As the co-founder of the Teach North Korean Refugees Global Education Center (TNKR), and while a guest on a South Korean TV show, we asked North Korean refugees to let us know what they think about the various TV shows featuring North Korean refugees. Below are some of their thoughts:
Han, female, escaped from North Korea in 1998, arrived in 2001 – I arrived in South Korea when there were few North Korean refugees here. I wish those kind of shows would have been in the media then. So many South Koreans assumed we were criminals or losers, or accused us of abandoning our families. The shows aren’t perfect, but one good benefit is that they have introduced many South Koreans to everyday North Korean refugees. A second good benefit is that it has an influence on North Korean refugees who have escaped to China. Many of them there watch TV shows from South Korea, so they have a better idea of what life is like here. In that way, the TV shows are better than the Hanawon re-education center at introducing refugees to South Korea.
Jihyang, female, escaped from North Korea in 2011, arrived in South Korea in 2016 – I hear some criticism of the shows, but I see more good than bad from them. After I graduated from college, I hoped to be on one of those shows. …In North Korea, I would never have a chance to be on TV saying what I think. It is almost impossible to be on TV in North Korea unless you have demonstrated your loyalty to the regime. But here, I can get on TV, it doesn’t matter if I praise or criticize the president or other leaders, there is the opportunity here in South Korea for my voice to be heard.
Hyang-mi, female, escaped from North Korea in 2009, arrived in South Korea in 2010 – I can’t trust the panelists on those shows. I know one of the ladies on one of the shows. We are from the same hometown. I can really see when she exaggerates about things, and …she will present those exaggerations as being true of all of North Korea. I can understand when the panelists criticize the leaders in North Korea, but I can’t understand why they criticize everyday North Koreans. The people still there are victims of the leaders. We should be more understanding about their situations. My neighbors and friends were great.
Eungyeong, female, escaped from North Korea in 2013, arrived in South Korea in 2015 – Overall, I have a really negative view of those shows. I can’t believe how often they exaggerate and lie about North Korea. I have to turn the shows off because I get so upset sometimes. But I also can see that there is some good that comes from them. If not for them, then South Koreans would know almost nothing about life in North Korea. If there could be a better way to check facts on the show and to prevent the panelists from exaggerating, then the show would be even better.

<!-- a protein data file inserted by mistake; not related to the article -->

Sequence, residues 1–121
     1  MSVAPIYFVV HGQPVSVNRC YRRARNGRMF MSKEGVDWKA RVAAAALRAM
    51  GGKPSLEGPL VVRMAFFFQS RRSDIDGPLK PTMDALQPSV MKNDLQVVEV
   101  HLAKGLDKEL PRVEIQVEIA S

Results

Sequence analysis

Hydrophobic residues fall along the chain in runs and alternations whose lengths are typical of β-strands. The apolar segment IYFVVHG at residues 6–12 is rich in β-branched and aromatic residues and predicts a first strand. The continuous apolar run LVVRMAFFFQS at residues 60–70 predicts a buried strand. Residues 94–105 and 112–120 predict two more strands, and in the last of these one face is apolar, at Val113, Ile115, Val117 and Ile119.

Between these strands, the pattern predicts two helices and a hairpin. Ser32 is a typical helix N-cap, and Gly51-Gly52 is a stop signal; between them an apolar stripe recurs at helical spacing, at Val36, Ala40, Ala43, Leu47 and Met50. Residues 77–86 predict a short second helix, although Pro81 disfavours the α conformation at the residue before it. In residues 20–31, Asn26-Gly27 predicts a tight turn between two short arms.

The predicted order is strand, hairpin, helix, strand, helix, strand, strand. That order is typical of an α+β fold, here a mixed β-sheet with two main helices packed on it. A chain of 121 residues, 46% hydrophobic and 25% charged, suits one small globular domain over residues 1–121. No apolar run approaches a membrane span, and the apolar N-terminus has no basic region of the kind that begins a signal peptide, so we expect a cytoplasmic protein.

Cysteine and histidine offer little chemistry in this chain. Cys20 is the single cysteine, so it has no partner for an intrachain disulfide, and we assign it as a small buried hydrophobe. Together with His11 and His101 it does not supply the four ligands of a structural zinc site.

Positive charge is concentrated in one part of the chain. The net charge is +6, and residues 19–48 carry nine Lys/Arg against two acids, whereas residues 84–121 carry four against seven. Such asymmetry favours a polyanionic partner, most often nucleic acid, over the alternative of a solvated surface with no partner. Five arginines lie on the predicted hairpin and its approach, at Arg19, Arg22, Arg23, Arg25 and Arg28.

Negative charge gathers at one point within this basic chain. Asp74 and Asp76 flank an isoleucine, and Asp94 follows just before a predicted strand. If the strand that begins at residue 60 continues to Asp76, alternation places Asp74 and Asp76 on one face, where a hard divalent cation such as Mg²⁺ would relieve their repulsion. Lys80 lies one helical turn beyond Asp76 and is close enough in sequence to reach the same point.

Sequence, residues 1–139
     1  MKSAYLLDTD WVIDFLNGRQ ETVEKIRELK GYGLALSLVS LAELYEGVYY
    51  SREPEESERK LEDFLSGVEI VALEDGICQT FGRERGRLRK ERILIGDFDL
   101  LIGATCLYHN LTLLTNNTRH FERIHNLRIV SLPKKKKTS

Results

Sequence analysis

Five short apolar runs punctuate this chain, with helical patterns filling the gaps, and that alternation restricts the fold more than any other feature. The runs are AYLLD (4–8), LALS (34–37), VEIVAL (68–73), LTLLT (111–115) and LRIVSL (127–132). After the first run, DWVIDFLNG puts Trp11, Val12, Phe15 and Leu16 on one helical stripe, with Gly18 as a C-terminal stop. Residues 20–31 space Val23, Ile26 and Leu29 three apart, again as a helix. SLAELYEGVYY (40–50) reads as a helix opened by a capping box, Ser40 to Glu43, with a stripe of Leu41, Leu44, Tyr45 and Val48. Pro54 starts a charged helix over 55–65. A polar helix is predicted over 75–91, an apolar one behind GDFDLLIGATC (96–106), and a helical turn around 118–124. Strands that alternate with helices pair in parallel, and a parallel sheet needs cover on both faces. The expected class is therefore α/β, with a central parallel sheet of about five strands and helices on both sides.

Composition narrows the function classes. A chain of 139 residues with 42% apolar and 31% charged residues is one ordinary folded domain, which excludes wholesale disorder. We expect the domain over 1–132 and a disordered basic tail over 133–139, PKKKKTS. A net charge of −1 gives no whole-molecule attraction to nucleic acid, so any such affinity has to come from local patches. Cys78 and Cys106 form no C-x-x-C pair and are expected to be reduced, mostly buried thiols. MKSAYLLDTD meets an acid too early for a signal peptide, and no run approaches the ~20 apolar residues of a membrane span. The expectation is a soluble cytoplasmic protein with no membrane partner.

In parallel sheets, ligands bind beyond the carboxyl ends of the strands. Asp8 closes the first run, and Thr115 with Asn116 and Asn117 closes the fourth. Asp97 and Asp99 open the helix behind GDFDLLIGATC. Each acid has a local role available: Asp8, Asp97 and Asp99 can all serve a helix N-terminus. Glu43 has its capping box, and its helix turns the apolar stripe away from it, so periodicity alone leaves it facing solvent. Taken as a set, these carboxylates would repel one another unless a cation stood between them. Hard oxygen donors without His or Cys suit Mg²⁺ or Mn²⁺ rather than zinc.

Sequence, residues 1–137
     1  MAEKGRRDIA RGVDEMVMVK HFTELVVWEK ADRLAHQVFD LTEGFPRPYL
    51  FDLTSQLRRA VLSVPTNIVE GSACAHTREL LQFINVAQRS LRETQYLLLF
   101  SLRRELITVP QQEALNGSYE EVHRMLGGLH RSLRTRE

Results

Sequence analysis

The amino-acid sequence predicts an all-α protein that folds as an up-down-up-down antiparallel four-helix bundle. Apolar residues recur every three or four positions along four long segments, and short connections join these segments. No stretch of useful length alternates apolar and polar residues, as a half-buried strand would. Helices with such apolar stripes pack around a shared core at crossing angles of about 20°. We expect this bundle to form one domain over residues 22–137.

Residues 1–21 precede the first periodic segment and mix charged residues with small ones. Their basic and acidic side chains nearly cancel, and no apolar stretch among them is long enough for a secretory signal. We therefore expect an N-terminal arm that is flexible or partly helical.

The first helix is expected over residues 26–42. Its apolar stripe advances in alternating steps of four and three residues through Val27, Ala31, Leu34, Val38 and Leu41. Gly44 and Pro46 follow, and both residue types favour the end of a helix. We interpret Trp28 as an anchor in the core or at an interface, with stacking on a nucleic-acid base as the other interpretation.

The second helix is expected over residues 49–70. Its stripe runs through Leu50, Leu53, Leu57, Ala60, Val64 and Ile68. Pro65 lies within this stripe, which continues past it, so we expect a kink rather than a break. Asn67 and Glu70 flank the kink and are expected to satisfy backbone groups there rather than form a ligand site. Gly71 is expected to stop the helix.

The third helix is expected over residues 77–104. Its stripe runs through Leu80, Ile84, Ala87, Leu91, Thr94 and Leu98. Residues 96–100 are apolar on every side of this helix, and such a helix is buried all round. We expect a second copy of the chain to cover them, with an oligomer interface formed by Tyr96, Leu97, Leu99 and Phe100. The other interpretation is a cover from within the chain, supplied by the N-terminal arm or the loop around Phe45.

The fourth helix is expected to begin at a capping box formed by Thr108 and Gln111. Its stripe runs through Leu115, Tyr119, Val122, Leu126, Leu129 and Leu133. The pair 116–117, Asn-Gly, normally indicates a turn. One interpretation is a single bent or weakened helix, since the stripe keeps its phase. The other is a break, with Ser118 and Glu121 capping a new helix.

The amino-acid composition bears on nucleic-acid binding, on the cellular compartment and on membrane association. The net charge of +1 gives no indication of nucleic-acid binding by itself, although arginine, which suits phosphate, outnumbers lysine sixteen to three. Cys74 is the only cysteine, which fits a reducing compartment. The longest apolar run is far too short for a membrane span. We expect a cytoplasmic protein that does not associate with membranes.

Minsu, male, escaped from North Korea in 2009, arrived in South Korea in 2010 – I have been asked to be on the shows, but so far I have said no. It can be messy getting into that media world. …I am amazed that people complain about those TV shows so much. They are just TV shows, not something that presents every truth about everything about North Korea. It can give us a taste of what life is like in North Korea and about the experiences of people who have escaped. I have met some of the refugees on the TV shows, they are good people, they have many interesting and informative things to say, and it can be really entertaining. I respect and admire those who are willing to be identified as being from North Korea and are willing to speak out. They would never have a chance to present their stories when they were in North Korea. In North Korea, the government would have tried to destroy them. Here, it is netizens and researchers who are trying to “destroy” them.
[Korea Times Opinion page]
This entry was posted in North Korean refugee by Grant Montgomery.